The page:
In the Eighties he wrote the play Special Occasions, which closed on its opening night on Broadway. He wrote the screenplay for the 1983 adaptation of Romantic Comedy. He also wrote an episode of the TV show Trying Times. Bernard Slade would continue writing plays, including An Act of the Imagination, Fatal Attraction (not to be confused with the movie of the same name), Fling!, I Remember You, and You Say Tomatoes.

Quite simply, Bernard Slade was one of the most talented writers of Sixties sitcoms. He wrote some of the best episodes of Bewitched, including "The Witches Are Out" and "Aunt Clara's Old Flame." In addition to creating the show, he also wrote some of the best episodes of The Partridge Family. Of course, he also displayed his talent as a playwright. Some Time, Next Year was nominated for several Tony Awards and won the Tony for Best Actress. He certainly left a lasting impact, between his work in television and on Broadway.

Wednesday, November 6, 2019

John Witherspoon Passes On

Actor and comedian John Witherspoon, who appeared in such TV shows as The Wayan Bros. and such movies as Hollywood Shuffle (1987), died on October 29 2019 at the age of 77.

John Witherspoon was born John Weatherspoon on January 27 1942 in Detroit, Michigan. His older brother, William Weatherspoon, would become a songwriter known for his work with Motown. He began his career as a stand-up comic at the Comedy Store in Los Angeles in 1974. The owner, Mitzi Shore, eventually made him a master of ceremonies. He made his television debut as a regular on The Richard Pryor Show in 1977. In the late Seventies he guest starred on the shows The Incredible Hulk, What's Happening!, Good Times, and Barnaby Jones. He made his film debut in The Jazz Singer in 1980.

In the Eighties Mr. Witherspoon guest starred on such shows as WKRP in Cincinnati, Hill Street Blues, You Again?, 227, What's Happening Now!, Frank's Place, Amen, and L.A. Law. He appeared in the movies Ratboy (1986), Hollywood Shuffle (1987), Kidnapped (1987), Bird (1988), I'm Gonna Git You Sucka (1988), and House Party (1990).

In the Nineties John Witherspoon was a regular on the TV shows Townsend Television and The Wayan Bros. He guest starred on the shows Martin, The Fresh Prince of Bel-Air, Waynehead, Living Single, and Happily Ever After: Fairy Tales for Every Child. He appeared in the movies Friday (1995) and its sequel Next Friday (2000). He also appeared in the movies The Five Heartbeats (1991), Talkin' Dirty After Dark (1991), Killer Tomatoes Strike Back! (1991), Boomerang (1992), Bébé's Kids (1992), The Meteor Man (1993), Fatal Instinct (1993), Vampire in Brooklyn (1995), Killin' Me Softly (1996), Sprung (1997), Fakin' Da Funk (1997), Ride (1998), Bulworth (1998), I Got the Hook Up (1998), High Freakquency (1998), The Ladies Man (2000), and Little Nicky (2000).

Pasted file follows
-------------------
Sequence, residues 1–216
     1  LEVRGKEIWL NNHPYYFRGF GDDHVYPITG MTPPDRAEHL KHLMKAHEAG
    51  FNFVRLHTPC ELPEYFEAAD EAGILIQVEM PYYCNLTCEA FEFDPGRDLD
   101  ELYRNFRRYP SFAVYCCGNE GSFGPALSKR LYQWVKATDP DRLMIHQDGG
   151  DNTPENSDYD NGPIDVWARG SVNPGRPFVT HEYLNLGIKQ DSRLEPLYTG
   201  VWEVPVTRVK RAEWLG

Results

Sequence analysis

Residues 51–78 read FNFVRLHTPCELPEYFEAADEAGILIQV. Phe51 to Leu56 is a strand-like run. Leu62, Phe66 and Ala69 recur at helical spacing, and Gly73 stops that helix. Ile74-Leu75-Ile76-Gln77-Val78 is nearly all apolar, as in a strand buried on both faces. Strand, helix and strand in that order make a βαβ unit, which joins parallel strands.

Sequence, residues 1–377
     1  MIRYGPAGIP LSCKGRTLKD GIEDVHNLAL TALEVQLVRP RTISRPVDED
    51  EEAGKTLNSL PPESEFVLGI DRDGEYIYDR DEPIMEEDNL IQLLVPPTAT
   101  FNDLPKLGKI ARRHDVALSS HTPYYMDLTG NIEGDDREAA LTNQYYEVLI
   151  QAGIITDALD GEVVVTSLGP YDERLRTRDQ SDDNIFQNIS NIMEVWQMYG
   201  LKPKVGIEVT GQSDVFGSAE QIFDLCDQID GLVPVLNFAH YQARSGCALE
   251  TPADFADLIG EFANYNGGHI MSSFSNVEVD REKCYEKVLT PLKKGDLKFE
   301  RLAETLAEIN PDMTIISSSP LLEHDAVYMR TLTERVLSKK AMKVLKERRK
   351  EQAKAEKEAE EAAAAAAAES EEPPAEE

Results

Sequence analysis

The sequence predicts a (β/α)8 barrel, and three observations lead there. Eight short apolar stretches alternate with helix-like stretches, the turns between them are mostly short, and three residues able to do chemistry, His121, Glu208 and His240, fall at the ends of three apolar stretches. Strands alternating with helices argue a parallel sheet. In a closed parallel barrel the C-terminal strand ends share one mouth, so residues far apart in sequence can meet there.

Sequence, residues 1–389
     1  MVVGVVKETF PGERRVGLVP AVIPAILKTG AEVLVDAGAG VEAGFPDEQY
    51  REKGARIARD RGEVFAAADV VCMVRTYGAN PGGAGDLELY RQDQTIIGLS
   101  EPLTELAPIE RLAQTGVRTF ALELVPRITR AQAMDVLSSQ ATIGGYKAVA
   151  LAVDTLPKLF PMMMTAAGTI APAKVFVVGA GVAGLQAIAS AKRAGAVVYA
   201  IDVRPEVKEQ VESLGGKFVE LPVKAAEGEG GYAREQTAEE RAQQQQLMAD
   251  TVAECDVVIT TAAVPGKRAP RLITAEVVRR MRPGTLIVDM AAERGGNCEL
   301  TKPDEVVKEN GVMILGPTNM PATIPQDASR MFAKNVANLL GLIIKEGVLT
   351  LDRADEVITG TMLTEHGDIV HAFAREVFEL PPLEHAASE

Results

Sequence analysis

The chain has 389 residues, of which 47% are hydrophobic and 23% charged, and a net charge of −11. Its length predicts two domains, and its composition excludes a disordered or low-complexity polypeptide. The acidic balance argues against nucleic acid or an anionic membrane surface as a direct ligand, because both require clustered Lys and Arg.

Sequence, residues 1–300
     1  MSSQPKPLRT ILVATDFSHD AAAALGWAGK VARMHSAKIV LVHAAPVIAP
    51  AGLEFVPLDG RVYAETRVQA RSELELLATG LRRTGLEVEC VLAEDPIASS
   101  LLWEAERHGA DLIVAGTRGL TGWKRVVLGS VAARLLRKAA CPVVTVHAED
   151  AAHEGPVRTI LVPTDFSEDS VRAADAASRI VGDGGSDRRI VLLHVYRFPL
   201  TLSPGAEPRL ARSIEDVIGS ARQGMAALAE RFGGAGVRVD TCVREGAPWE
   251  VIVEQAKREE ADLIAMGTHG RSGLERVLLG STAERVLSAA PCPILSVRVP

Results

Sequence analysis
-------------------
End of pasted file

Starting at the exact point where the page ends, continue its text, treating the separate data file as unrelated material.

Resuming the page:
In the Naughts John Witherspoon was a regular on the TV shows The Tracy Morgan Show and The Boondocks. He guest starred on such shows as The Proud Family, Kim Possible, and Weekends at the DL. He appeared in the movies Friday After Next (2002), Soul Plane (2004), Little Man (2006), After Sex (2007), and The Hustle (2008). In the Teens he continued as a voice on The Boondocks and continued to appear on The First Family. He was a regular on Black Jesus. He guest starred on the shows Tosh.0, Anger Management, Black Dynamite, Animals, Black-ish, DashieXP, White Famous, and BoJack Horseman. He appeared in the films A Thousand Words (2012), I Got the Hook Up 2 (2019), and Reality Queen! (2019).

He continued to play comedy dates throughout his career, right up to his death.

There can be no doubt that John Witherspoon was very funny. He was certainly outrageous, and at times his comedy could be considered "bathroom humour," but he did in such a way that it was hard to be offended. He was simply that funny. Of course, as over the top and even crude as his humour could often be, John Witherspoon was capable of subtlety. He played plenty of curmudgeons, nearly all of them with soft hearts. He played characters who could be tough, but at the same time tender. Not every one of John Witherspoon's movies were classics. For every Hollywood Shuffle there were movies like Vampire in Brooklyn and Fatal Instinct. That having been said, each one of his movies was better for having him in it.